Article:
Perhaps you have noticed this on Instagram. A beautiful young woman posts a selfie with a specific pose: her fingers dangled in front of her mouth languidly. The fingers in front of the mouth would seem careless, like she wasn’t caught off guard for the photo before she had a chance to move her hand, but the oft-repeated nature of this trope indicates it’s actually extremely calculated. Let’s call this “fingermouthing.”
The type of beautiful young woman who you will tend to see adopt this pose is not just anyone. It’s typically someone with a lot of followers — eager fans who enjoy her outfits, her makeup, her style. Instagram models or those who might have been known in the late aughts as “style bloggers” but now just post to Instagram (stylegrammers?) have particularly favored this pose.
Before you laugh off the idea that a group of internet-savvy amateur fashionistas could create a posing trend totally independently from formal fashion magazines and photography, it would not be the first time. A few years ago, the crossed-ankle stance — informed by the ankle boot trend as well as style bloggers — was noticed by legendary New York Times street style photographer Bill Cunningham. In 2013, Mihn-Ha T. Pham, a professor of media studies who writes about fashion bloggers, explained in Hyphen magazine:
While there is no single definitive fashion blogger pose, there is a loosely bound set of gestures and postures idiosyncratic to fashion bloggers and their subjects. Some of the most recognizable body stylings include vulnerable-looking stances, oblique glances, and a single hand on the hip (the teapot), or both hands on hips (the sugar bowl).
And poses can indeed be trends. The “skinny arm” trick (a hand on your hip to ensure your upper arm doesn’t smush against your side, and standing sideways to a 45-degree angle) was once a sneaky trick of red carpet celebrities; now you see it in every high school prom or sorority group photo. If the skinny arm and crossed ankle are going the way of skinny jeans, some new thing will come and replace them. It’s the circle of life, hakuna matata.
Kylie Jenner was a prominent early adopter of fingermouthing. Jenner often pounces on internet trends and brings them to a wider audience; sometimes these trends are not cutting-edge bloggy trends, but just simply a thing black women have been doing for a long time, like box braids. In this case, Jenner explained in an interview with Elle UK that the pose was a result of her insecurity about her mouth.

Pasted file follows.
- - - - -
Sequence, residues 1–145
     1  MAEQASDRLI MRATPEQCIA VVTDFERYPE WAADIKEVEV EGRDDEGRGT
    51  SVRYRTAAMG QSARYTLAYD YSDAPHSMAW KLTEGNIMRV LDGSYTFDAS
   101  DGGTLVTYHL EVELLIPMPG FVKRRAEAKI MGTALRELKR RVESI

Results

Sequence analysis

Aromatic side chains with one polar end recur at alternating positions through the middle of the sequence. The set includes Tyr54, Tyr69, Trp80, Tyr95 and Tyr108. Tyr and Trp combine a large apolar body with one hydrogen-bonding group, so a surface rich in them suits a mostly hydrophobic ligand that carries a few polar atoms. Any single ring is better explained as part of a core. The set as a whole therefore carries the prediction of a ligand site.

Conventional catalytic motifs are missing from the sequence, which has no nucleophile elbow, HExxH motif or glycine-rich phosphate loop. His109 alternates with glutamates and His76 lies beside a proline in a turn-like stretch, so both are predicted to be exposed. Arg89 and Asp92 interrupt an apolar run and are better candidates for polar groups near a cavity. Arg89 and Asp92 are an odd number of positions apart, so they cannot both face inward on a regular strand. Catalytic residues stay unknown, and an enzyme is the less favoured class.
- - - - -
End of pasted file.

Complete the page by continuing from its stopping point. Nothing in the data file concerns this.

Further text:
"I was so insecure about my lips. Even now I always post photos where my finger is always in front of my mouth…it's a habit. I would always cover my lips," she told Elle. "I couldn't even talk to people. Or guys. Like, [I'd be thinking]: 'I know you're looking at my lips, but you so don't want to kiss me right now.'" I believe this. It reminded me of a friend who adopted the habit of covering her mouth when she laughed to hide her braces in middle school, but the habit stuck and she still does it, even with her now-perfect teeth. Jenner, of course, famously got lip injections to address this insecurity.
But fingermouthing is much bigger than just Kylie Jenner. And Kylie’s specific reasons do not explain the trend, which exists across a particular demographic of people — beautiful selfie enthusiasts — who by their very definition would be less likely to experience insecurity about their mouth. (Taking lots of selfies, of course, doesn’t mean you are immune to insecurity about your appearance, but lots of close-ups of your face suggest that mouth insecurity is probably not a total scourge of the scene.)
To find out more, I emailed with a stylegrammer named Kristen Hancher, who has ascended to the pantheon of “Influencer” — a designation I suspect is somewhat tied to the ability and/or proclivity to run sponsored ads on their account. Hancher is a master of fingermouthing, and she indeed recognized that it’s a ~thing~.
“I do it because it feels more natural than to just pose,” Hancher said. “I guess there's some seductive implication as well, considering it brings focus towards the lips, but it also helps frame your face. It's been my go-to pose for a while as you can tell by my feed and now that I've kind of thought about it, the majority of my selfies do include that pose.”
Indeed, as Clueless taught us all years ago, drawing attention to your mouth is a key tool of flirtation.
Or, perhaps it’s that duckface and sparrowface — which show more straightforward version of your face — are over. This is the age of the Snapchat filter, where a semi-obscured version is preferred. It’s a bit quaint and conservative, the old idea that by covering yourself up a bit, you’re leaving more to the imagination, and therefore is more intriguing. A semi-obscured face or mouth provides for some mystery. And the current burdens for young women of existing in the digital world all lead to this illusion of demureness.
And then, there’s my one final theory, which is perhaps the most practical: Fingermouthing lets you show off your manicure in a selfie.
Katie Notopoulos is a senior editor for BuzzFeed News and is based in New York. Notopoulos writes about tech and internet culture is cohost of the Internet Explorer podcast.
Contact Katie Notopoulos at email@example.com.
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